Video Credit: Alfred Coello
Photos Credit: Elisa Ferrari
YUCAIPA, Calif.— Jessica Renfrow, 21, recalls a story her police officer father told her as a young girl about being called out to a burning building. The fire department hadn’t arrived yet, but a woman said her child was still inside.
Her father raced in and rescued the child, his scorched uniform evidence of the intense heat.
“I still remember that story, the respect I had for those in the fire service,” said Renfrow, a cadet in the Crafton Hills College Fire Academy in Yucaipa, Calif. At 17, she enrolled in the Redlands Emergency Services Academy. “From that moment on, I knew I wanted to be a firefighter and I’ve worked toward that dream.”
As the only female cadet among her 26 fellow students, Renfrow is working toward that goal. With a required Emergency Medical Technician certification under her belt, she will complete an intense 15 weeks of in-class training and learn 68 firefighter skills — including hose, ladder and structure evolutions — before graduation in mid-December. She will also need to pass a rigorous physical exam, where the failure rate is 40 percent, before she can apply for a firefighter position.
In a recent partnership with Edison International, Crafton Hills Fire Academy is hoping to increase diversity among its cadets and help alleviate some of the financial costs of the classes, uniforms and equipment. The $25,000 grant will help provide scholarships with the intention of increasing the number of women in the fire service.
“Firefighting is about serving the community, giving back to the community,” said Mike Alder, chief of Crafton Hills Fire Academy and a former division chief with the San Bernardino City Fire Department. “The fire service should reflect the community. All communities are better served with a diverse firefighting force.”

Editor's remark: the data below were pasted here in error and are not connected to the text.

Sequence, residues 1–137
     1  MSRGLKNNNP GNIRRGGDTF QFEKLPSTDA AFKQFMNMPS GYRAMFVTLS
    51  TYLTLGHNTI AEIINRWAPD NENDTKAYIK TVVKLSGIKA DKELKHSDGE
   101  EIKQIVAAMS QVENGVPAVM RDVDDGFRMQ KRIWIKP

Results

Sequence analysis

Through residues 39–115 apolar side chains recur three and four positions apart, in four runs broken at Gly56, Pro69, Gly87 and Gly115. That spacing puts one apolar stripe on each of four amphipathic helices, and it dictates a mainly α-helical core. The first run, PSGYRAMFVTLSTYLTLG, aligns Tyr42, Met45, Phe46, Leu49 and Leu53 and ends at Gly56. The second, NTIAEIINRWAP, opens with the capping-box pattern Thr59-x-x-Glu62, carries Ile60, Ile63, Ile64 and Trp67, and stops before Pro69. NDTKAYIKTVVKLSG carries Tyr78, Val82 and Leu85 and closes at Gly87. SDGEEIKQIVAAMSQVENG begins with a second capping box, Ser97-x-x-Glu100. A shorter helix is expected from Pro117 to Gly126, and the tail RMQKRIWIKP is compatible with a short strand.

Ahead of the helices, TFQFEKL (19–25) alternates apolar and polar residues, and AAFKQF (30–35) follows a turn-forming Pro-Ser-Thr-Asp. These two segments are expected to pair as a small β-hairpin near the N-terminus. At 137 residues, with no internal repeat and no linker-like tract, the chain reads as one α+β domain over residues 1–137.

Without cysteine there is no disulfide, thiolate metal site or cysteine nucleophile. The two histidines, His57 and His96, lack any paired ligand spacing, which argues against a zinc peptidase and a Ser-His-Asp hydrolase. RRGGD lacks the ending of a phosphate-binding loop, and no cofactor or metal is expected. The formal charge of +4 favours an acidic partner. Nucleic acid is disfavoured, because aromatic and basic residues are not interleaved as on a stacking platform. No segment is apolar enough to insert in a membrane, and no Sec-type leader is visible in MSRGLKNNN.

This year, the fire academy will celebrate its 99th graduating class. Although the number of female students has been sparse over the years, nine female graduates have gone on to become full-time firefighters.
Deandra Van Houten, 26, is a graduate of Crafton Hills’ 97th fire academy and is now a full-time firefighter with the San Diego City Fire Department.
“I never saw a female firefighter before,” said Van Houten, who had originally aspired to become a teacher. But while coaching a water polo team, one of the mothers persistently suggested she consider a career as a firefighter. Eventually, she decided to check it out at a career expo.
“I immediately fell in love,” she said, noting she has no family or friends in the fire service. “I was blown away by the public service aspect, of helping others.”
Van Houten is among the 4 percent of females who make up the firefighting force across the country, according to the U.S. Department of Labor. In other areas like the police force and the military, females make up about 14 percent of the workforce nationally.
“At Edison, we are proud to support the diverse communities we serve and live in,” said Janet Clayton, senior vice president of Corporate Communications for Edison International and Southern California Edison. “Our partnership with Crafton Hills College includes scholarships to help diversify the student makeup of the fire academy, including the number of females.”
Renfrow’s day started at 5:30 a.m. with a workout and breakfast before her first class at 8 a.m. Hose drills using recycled water started at 10:30 a.m. and continued for most of the day, except for a brief break to eat lunch. Like the rest of the students, she will need to maintain an 80 percent average if she hopes to stay in the academy.
“Most people run away from an emergency situation; the fire service is trained to run toward it,” said Renfrow, noting she enjoys the camaraderie among the cadets. “I love learning and being part of the team.”
Lined up in neat rows on the back wall of the main fire academy house are the plaques from the past 98 academies. Soon, the 99th academy plaque will join the revered wall.
“It was an awesome experience,” said Van Houten, the only female in her class, of her experience at Crafton Hills.
She hopes to soon see more female firefighters: “A lot of people don’t know what they are capable of. Try something new and put yourselves out there. Females can do this job too.”
For more information: Crafton Hills Fire Academy.